Insurance in the renewable space has yet to fully meet its potential, in part due to uncertainties over catastrophe exposures and models. Aon STG has been working with insurers to assess market opportunities in the renewable space and attract much-needed capacity.

There is much more that could be done collectively to bring more insurers into this space and begin to fill the growing protection gap. Solar farms built in remote locations where there is data on damaging hail and wind perils is not widely available. If the market can collectively build more credible models, it will unlock significant capacity for potentially thousands of renewable projects.”

Helping Homeowners Adapt to Climate Extremes

While the renewable energy market has already attracted insurers’ attention and capital, there is also significant growth potential from helping individuals, businesses and governments build resilience and manage the risks of a more volatile and less predictable climate. However, when it comes to homogenous lines of business, such as homeowners insurance, the industry has yet to fully grapple with climate change.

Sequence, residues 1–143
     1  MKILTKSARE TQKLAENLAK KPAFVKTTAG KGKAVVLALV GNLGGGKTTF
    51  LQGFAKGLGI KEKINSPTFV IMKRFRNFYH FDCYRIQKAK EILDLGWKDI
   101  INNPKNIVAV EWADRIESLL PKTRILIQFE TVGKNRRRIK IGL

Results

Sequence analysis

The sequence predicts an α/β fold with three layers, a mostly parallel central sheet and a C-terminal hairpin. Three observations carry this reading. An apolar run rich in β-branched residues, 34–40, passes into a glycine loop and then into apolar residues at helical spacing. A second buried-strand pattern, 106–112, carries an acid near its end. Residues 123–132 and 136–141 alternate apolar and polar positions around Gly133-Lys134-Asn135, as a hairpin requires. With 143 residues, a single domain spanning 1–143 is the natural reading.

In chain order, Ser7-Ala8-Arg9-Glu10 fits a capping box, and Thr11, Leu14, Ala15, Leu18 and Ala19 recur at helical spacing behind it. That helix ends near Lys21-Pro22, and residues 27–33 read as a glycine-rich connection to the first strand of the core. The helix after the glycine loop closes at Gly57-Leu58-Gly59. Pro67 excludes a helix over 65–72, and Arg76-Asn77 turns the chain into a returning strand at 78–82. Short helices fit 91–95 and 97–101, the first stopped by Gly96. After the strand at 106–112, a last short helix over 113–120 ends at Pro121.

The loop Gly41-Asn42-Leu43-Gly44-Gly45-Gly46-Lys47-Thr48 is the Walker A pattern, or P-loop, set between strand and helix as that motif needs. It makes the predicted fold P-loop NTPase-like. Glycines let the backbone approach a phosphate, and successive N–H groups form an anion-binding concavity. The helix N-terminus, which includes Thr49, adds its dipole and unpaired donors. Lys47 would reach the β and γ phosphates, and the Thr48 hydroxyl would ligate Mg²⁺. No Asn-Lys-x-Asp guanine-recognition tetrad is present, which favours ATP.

Property natural catastrophe insurance remains the industry’s bread and butter. But natural catastrophe exposures and losses are on the rise due to a combination of changing weather perils and exposure drivers such as inflation, population shifts and the increase in insured values in catastrophe-exposed regions.

This is an area where the insurance industry can make a difference. Through experience, knowledge and tools, insurers can help society better understand risks and make informed decisions around investments in loss prevention and mitigation. This includes reducing exposure, while at the same time ensuring a sustainable flow of premium for the industry.